Jake Arrieta expects Cubs to have the best rotation in baseball

Jake Arrieta expects Cubs to have the best rotation in baseball

SCOTTSDALE, Ariz. – Jake Arrieta is a Cy Young Award winner who won't get the Opening Night assignment. John Lackey is a No. 3 starter already fitted for his third World Series ring. Kyle Hendricks led the majors with a 2.13 ERA last year and won't start until the fifth game of this season.  

Do you feel like this is the best rotation in baseball?

"We're up there, yeah," Arrieta said after homering off Zack Greinke during Thursday afternoon's 5-5 tie with the Arizona Diamondbacks at Salt River Fields at Talking Stick. "I think on paper – and with what we've actually done on the field – it's tough to not say that.

"We like the guys we have. People can rank them, but time will tell. Once we get out there the first four or five times through the rotation, I think you can probably put a stamp on it then, more so than now. 

"But, yeah, we stack up just as well as anybody out there, for sure."  

Arrieta made it through five innings against the Diamondbacks, giving up three runs and eight hits in what figures to be his second-to-last Cactus League tune-up before facing the St. Louis Cardinals at Busch Stadium on April 4. 

The New York Mets blew away Cubs hitters with their power pitching and game-planning during that 2015 National League Championship Series sweep. The Washington Nationals are trying to keep Max Scherzer and Stephen Strasburg healthy and already watched Tanner Roark deliver for Team USA in the World Baseball Classic. 

The Cubs dreaded the idea of facing Johnny Cueto in a possible elimination game at Wrigley Field last October. The Los Angeles Dodgers almost became a matchup nightmare for the Cubs with lefties Clayton Kershaw and Rich Hill during the 2016 NLCS.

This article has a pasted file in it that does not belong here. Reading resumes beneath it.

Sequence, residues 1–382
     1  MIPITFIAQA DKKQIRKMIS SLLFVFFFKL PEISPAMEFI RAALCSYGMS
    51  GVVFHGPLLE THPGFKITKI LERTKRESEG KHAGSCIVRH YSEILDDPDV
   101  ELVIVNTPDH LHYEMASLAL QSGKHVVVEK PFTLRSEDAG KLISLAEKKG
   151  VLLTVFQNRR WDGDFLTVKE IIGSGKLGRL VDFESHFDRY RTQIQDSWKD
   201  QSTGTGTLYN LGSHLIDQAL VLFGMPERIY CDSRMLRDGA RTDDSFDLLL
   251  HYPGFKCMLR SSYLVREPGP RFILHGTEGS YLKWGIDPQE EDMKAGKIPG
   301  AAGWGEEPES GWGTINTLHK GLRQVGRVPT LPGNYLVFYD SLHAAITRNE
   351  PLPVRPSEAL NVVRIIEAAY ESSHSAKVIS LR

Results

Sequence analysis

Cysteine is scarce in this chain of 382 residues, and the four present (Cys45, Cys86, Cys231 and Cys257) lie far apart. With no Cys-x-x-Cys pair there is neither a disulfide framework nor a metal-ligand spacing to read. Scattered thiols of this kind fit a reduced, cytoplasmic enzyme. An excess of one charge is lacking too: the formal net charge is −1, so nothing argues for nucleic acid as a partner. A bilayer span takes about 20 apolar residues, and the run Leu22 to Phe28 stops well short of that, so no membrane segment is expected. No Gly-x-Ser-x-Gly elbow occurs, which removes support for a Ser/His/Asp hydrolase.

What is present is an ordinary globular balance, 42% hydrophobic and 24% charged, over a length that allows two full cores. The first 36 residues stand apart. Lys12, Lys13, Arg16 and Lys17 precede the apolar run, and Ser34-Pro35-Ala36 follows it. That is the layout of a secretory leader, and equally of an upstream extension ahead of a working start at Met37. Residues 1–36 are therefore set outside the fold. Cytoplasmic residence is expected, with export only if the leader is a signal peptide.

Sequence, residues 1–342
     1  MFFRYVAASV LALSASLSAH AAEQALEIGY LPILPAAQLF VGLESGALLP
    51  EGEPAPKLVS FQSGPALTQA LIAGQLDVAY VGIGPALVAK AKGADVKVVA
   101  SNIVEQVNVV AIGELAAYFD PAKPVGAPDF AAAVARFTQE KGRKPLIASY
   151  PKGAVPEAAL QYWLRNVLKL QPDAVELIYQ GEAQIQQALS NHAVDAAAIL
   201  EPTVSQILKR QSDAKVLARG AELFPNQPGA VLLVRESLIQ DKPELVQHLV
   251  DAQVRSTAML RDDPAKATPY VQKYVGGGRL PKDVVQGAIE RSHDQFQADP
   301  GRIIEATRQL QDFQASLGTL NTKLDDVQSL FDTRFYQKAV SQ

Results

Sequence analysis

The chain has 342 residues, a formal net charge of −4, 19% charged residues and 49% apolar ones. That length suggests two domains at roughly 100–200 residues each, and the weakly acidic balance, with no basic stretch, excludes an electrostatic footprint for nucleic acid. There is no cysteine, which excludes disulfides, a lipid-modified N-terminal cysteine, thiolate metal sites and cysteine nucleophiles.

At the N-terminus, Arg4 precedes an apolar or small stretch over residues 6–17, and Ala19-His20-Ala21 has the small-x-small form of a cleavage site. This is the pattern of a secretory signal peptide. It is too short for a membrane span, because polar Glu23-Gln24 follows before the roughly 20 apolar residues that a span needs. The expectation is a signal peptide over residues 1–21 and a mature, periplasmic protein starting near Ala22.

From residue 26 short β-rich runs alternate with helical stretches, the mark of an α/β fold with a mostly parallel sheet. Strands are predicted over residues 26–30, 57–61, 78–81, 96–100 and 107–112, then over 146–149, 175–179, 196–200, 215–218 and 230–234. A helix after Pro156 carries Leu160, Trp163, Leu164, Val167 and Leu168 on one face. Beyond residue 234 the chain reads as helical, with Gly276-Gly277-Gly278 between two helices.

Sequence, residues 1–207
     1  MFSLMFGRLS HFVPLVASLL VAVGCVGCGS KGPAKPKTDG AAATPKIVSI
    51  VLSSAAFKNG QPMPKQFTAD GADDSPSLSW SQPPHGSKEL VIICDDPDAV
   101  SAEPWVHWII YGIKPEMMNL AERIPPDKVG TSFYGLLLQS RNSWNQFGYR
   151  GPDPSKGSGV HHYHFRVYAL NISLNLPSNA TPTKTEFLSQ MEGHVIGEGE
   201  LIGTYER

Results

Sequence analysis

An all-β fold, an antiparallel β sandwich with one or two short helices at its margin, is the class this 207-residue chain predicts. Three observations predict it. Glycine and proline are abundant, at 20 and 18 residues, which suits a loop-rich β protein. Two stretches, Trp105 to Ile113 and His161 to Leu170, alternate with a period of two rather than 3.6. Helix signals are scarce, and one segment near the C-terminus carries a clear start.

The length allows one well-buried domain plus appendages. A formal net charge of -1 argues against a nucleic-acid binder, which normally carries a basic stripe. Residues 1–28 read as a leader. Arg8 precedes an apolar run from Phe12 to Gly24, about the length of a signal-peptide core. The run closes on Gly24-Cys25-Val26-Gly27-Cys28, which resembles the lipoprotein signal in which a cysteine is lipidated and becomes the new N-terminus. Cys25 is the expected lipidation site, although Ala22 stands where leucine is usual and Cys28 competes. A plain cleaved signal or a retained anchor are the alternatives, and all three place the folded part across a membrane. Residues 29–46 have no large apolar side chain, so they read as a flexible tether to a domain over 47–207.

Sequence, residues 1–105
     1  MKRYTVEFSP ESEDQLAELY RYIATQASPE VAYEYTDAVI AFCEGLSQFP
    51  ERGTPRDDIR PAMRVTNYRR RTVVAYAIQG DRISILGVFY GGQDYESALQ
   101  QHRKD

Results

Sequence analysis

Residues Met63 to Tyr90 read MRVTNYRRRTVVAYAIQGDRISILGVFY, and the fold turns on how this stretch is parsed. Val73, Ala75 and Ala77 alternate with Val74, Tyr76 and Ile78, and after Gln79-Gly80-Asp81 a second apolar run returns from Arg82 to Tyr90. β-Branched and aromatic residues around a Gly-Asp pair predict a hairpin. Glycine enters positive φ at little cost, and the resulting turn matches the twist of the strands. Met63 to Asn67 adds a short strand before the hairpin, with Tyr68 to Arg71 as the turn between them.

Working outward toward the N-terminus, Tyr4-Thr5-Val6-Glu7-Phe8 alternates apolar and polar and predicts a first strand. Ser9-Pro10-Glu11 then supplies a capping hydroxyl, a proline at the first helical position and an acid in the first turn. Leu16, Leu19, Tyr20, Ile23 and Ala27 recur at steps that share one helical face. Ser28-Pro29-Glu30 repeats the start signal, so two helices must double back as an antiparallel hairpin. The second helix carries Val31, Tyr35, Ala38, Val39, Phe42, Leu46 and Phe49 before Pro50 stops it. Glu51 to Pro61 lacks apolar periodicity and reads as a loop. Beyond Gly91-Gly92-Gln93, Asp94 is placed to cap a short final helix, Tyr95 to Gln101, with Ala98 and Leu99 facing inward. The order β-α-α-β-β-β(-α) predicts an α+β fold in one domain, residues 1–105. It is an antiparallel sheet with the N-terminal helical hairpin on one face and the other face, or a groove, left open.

But slotting Hendricks at No. 5 – five months after he started a World Series Game 7 – is a luxury few contenders can afford. 

"That just speaks to our length in the rotation," Arrieta said, "and being able to keep relievers out of the game, longer than most teams. That's a big deal, especially when you get into July and August. 

"Obviously, Kyle could be a 1 or 2 just about anywhere. Not that he's not here. We've got several of those, which is a good problem to have. It's going to be favorable for us when there's a No. 4 or No. 5 guy in our rotation going up against somebody else's. Our chances are really good, especially with our lineup." 

Arrieta talked up No. 4 starter Brett Anderson as "a little bit like Hendricks from the left side" in terms of his preparation, cerebral nature and spin rate, a combination that makes him an X-factor for this rotation and an organization starved for pitching beyond 2017. 

The if-healthy disclaimer always comes with Anderson, who played with Arrieta on the 2008 Olympic team and has been on the disabled list nine times since then. Coming out of high school, Arrieta initially signed to play for Anderson's father, Frank, the Oklahoma State University coach at the time, before going in a different direction in a career that wouldn't truly take off until he got to Chicago. 

"We're all looking forward to seeing how we pick up where we left off," Arrieta said. "Judging by what we've done this spring and the shape guys are in and the health – I don't see any reason we can't jump out to an early lead like we did last year and sustain it throughout the entire season."

David Ross shines in 'Dancing With The Stars' debut, gets unexpected Skype call from Jake Arrieta and Anthony Rizzo

David Ross shines in 'Dancing With The Stars' debut, gets unexpected Skype call from Jake Arrieta and Anthony Rizzo

David Ross made his "Dancing With The Stars" debut Monday, and he didn't disappoint.

Grandpa Rossy, who capped off his MLB career by hitting a home run in Game 7 and helping the Cubs win their first World Series title in 108 years, dressed up in full uniform and danced to Steve Goodman's "Go Cubs Go" with professional dancer Lindsay Arnold.

He and Arnold drew 7s across the board, good for a score of 28 out of a possible 40. The 40-year-old retired catcher then received an unexpected Skype message from former teammates Jake Arrieta and Anthony Rizzo, prompting Ross to get teary-eyed.

You can vote online at ABC.com. There are no eliminations in the first week.

Here are a few photos from Ross, with words of encouragement to vote:

Almost time! #cubs #mlb #DWTS #LadyandtheGramp

A post shared by David Ross (@grandparossy_3) on

Why Jake Arrieta thinks he can pitch until he’s 40 (with or without the Cubs)

Why Jake Arrieta thinks he can pitch until he’s 40 (with or without the Cubs)